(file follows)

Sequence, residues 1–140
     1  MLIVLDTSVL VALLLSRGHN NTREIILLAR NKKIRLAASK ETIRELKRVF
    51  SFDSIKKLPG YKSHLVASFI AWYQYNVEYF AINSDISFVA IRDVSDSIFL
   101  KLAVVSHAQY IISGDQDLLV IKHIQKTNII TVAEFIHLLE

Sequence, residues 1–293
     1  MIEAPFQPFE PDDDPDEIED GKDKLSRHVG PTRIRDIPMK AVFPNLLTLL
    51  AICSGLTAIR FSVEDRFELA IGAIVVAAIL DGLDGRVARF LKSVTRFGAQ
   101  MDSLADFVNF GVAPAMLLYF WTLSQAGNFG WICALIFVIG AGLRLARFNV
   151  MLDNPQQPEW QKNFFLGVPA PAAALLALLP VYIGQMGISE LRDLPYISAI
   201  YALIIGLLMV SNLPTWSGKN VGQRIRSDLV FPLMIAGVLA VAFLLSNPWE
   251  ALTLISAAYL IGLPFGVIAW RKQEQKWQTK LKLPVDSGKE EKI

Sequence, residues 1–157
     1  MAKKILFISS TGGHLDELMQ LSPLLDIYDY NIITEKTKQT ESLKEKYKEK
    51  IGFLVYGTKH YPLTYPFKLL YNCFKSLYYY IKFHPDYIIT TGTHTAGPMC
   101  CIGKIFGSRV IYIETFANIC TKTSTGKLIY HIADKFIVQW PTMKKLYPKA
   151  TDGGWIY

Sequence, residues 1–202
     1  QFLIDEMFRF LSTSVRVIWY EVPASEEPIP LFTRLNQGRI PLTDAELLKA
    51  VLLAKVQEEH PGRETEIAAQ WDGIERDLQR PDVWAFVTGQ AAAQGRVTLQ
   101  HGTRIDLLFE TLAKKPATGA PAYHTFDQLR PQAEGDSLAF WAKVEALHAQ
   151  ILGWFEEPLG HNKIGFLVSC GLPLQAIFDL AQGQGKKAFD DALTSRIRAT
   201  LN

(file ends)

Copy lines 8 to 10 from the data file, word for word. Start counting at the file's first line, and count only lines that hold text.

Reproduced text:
   101  MDSLADFVNF GVAPAMLLYF WTLSQAGNFG WICALIFVIG AGLRLARFNV
   151  MLDNPQQPEW QKNFFLGVPA PAAALLALLP VYIGQMGISE LRDLPYISAI
   201  YALIIGLLMV SNLPTWSGKN VGQRIRSDLV FPLMIAGVLA VAFLLSNPWE